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Honoring the Valor and Bravery of Black American Patriots throughout History
February is Black history month and U.S.DOD Coins will be putting together a small series of blogs that honor the valor and bravery of black American patriots throughout our nation's young history.
Part 1: Roots and the Revolutionary war
It is important to note that throughout history, African Americans have been present in the U.S. Armed Forces, participating in every major conflict since the American Revolution. Black Soldiers have played a significant role in American history, from the Revolutionary War to current conflicts. They have served with distinction and valor in the armed forces.
The history of the U.S. Army cannot be complete without recognizing the contributions and sacrifices made by Black Americans. For over 245 years, Black Americans have served in every conflict, leaving behind a legacy of courage and professionalism.
We honor and recognize the legacy of Black Americans who have defended our nation with honor and distinction, and continue to inspire future generations.
“FOR MORE THAN 200 YEARS, AFRICAN AMERICANS HAVE PARTICIPATED IN EVERY CONFLICT IN UNITED STATES HISTORY. THEY HAVE NOT ONLY BRAVELY FOUGHT THE COMMON ENEMIES OF THE UNITED STATES, BUT HAVE ALSO HAD TO CONFRONT THE INDIVIDUAL AND INSTITUTIONAL RACISM OF THEIR COUNTRYMEN.”
— Retired Lt. Col. Michael Lee Lanning, author, "The African-American Soldier: From Crispus Attucks to Colin Powell"
Black Patriots and The Revolutionary War
Black Americans, both free and enslaved, fought on both sides during the Revolutionary War.
Research suggests that there were around 9,000 black soldiers who served on the American side, including those in the Continental Army and Navy, state militia units, privateers, wagoneers in the Army, servants, officers, and spies.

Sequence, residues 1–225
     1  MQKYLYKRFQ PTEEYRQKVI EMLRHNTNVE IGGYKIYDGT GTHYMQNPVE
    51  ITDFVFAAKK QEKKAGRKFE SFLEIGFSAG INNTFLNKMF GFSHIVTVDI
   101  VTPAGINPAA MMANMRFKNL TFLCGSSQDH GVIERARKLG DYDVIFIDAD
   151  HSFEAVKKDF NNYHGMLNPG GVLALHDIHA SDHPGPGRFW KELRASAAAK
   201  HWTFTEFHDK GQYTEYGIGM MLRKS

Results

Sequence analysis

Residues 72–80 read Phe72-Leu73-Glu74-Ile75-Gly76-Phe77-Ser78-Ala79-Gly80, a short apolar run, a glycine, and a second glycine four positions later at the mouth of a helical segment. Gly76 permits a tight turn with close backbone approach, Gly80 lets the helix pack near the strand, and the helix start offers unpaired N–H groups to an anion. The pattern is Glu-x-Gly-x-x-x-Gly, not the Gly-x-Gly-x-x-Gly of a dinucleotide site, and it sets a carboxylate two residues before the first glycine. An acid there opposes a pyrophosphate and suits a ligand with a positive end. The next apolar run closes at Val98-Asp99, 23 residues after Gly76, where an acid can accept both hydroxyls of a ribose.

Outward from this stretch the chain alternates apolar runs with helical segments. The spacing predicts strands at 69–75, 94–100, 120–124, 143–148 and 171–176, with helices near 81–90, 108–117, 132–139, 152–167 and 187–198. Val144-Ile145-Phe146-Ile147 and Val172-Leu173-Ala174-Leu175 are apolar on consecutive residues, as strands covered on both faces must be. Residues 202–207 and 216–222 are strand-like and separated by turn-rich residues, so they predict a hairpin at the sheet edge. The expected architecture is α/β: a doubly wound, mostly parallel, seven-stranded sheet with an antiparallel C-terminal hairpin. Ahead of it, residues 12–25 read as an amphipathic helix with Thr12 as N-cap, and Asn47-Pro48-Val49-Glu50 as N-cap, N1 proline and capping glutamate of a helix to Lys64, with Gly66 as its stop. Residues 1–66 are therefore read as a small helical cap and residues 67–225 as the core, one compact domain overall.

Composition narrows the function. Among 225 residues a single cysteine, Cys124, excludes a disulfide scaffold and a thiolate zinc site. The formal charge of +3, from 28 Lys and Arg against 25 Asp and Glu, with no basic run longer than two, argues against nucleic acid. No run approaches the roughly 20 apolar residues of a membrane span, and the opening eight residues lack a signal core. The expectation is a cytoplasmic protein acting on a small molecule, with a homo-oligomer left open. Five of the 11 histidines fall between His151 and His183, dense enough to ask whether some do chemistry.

While many joined the Loyalist cause, a greater number of black Americans, both free and enslaved, aligned themselves with the Patriots. Black soldiers were accepted in Northern militias from the beginning of the war, but this was not the case in the South, where slave-owners were wary of arming slaves.
A significant number of Black Loyalists served in the British Army, particularly in the Black Pioneers, the only Black regiment of the war, and others performed non-combat roles. Because of a shortage of manpower, Washington lifted the ban on Black enlistment in the Continental Army in January 1776.
All-Black soldier units were formed in Rhode Island and Massachusetts; many were slaves who were promised freedom in exchange for their service instead of their masters, and another all-African-American unit came from Haiti with French forces. At least 5,000 Black American soldiers fought on the side of the Revolutionaries, and at least 20,000 served with the British.
African Americans also served with various of the South Carolina guerrilla units, including that of the "Swamp Fox", Francis Marion, half of whose force sometimes consisted of free Blacks. These Black troops made a critical difference in the fighting in the swamps, and kept Marion's guerrillas effective even when many of his white troops were down with malaria or yellow fever.
About 20 percent of the tens of thousands of Black Americans who served were manumitted — freed from slavery — as a result of their service.
Every day, America’s service members selflessly put their lives on the line to keep us safe and free. U.S.DODCoins makes custom challenge coins to award and commemorate units, soldiers and operations.
If you want to give an award to remember, our custom challenge coins are the perfect choice. We use only the best designs and highest caliber materials to create our challenge coins, so you can be sure your recipients will cherish them for years to come.
Honor or Commemorate Black American Patriots today with U.S.DOD Coins